I believe having these stakeholders that we have not targeted before would also naturally lead to more ecosystem-wide collaboration and partnership opportunities, not only regarding technical solutions, but also business opportunities that may not otherwise develop without the interaction at the summit.

LeadingAge: What, in your opinion, were the most important takeaways from the conference?

Majd Alwan: The most notable takeaways from the summit were:

  • The interest in technology, data, knowledge that can help turn data into information, and analytics is high and on the rise among our providers—including LTPAC providers—and is spurring strategic investments and enabling strategic partnerships.
  • The value of the whole long-term and post-acute care spectrum in emerging, innovative and alternative payment models and the future of health care is clear and gaining prominence in the eyes of regulators, payers and acute care partners. This is especially true for technology-enabled LTPAC providers who can contribute, exchange and use information effectively and in a timely manner.
  • We have the right building blocks to support interoperability and health information exchange, and see unprecedented willingness from acute care providers and their health IT vendors to support cross-sector exchanges. We just need to actively pursue connectivity, seek to make it affordable, and push for payment models that not only rely on it, but also incentivize all parties. The latter must include LTPAC providers, who have been somewhat left out of the incentives for EHR adoption and left out of alternative payment models.
  • There are encouraging signs of flexibility from regulators regarding restrictions on managed care, including social support services and telehealth, for example.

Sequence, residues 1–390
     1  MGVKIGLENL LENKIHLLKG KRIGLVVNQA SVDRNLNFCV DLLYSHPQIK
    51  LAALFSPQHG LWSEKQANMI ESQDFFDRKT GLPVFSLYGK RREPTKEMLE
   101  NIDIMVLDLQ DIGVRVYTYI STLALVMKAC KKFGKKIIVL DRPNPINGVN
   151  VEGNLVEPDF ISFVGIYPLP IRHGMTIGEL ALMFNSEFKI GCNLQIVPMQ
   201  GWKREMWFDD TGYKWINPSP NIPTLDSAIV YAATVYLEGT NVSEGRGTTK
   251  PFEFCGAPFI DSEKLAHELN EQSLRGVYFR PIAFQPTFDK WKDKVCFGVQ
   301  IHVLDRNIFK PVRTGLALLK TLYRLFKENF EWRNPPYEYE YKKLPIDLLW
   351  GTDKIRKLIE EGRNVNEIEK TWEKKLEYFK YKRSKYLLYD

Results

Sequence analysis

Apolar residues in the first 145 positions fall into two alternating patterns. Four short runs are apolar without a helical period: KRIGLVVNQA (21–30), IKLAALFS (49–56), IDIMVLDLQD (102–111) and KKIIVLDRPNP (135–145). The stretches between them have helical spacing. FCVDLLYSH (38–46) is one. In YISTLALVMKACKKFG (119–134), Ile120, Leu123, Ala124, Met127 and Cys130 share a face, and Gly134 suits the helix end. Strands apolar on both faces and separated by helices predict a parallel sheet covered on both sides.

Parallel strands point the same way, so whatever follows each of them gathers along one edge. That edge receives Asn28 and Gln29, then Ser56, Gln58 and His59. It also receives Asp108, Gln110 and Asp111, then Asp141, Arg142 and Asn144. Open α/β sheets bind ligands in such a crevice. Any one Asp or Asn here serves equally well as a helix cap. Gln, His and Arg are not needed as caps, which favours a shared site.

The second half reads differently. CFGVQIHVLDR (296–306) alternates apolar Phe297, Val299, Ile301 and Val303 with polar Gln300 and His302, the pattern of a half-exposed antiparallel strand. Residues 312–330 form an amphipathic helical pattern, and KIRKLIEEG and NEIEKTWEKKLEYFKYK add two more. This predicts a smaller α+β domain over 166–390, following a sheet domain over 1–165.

• I feel that among payers, especially the private-pay managed care plans, there is increasing interest in partnerships with providers on innovation and on incentive and payment models that leverage technology capabilities, data and information.
  • There is renewed interest in our sector in working together on advancing concepts like integrated care, long-term care financing, and demonstrations of technology-enabled care, like telehealth and telemedicine.

I left energized, enthused and optimistic about the progress, and look forward to reconnecting with those who expressed interest in advancing these issues collaboratively.

LeadingAge: A recurring theme of past summits has been how LTPAC providers can gain a significant place at the table with the major players in the acute-care, insurance and integrated care fields. Are we making progress, and are those players learning the value of LTPAC providers?

Majd Alwan: We certainly are, but we could and should do better. We have bright examples of LTPAC providers exploring innovative partnerships with acute care, payers, and information exchange intermediaries. These include Genesis Healthcare, a collaborative of providers in Missouri, Metropolitan Jewish Health System (MJHS), Landis Homes in Pennsylvania, Ingleside in the DC metro area, and more. However, we need to push for more regional, statewide, and ultimately nationwide efforts. That requires providers to cultivate relationships with other providers, to create provider consortiums (especially involving smaller ones), to have conversations with vendors and potential partners, and to create mutually respectful partnerships. That will take time, but it is surely coming.

LeadingAge: When and where will the next Summit be held? How would you like to see it build on previous ones?

Majd Alwan: The next Summit will be held June 23-25 in the broader DC metro area, likely Baltimore, MD.

We will build on this year’s success and continue to try to attract and engage more payers, acute care providers and others interested in technology, business and payment model innovations in integrated services for older adults, partnership opportunities, and advocacy to make these innovations adopted, accessible and benefitting a broader segment of the growing older adult population.

We’re considering rebranding and changing the name of the Summit; we will announce the name soon, but your interested readers can mark their calendars for now.

Gene Mitchell is editor of LeadingAge magazine.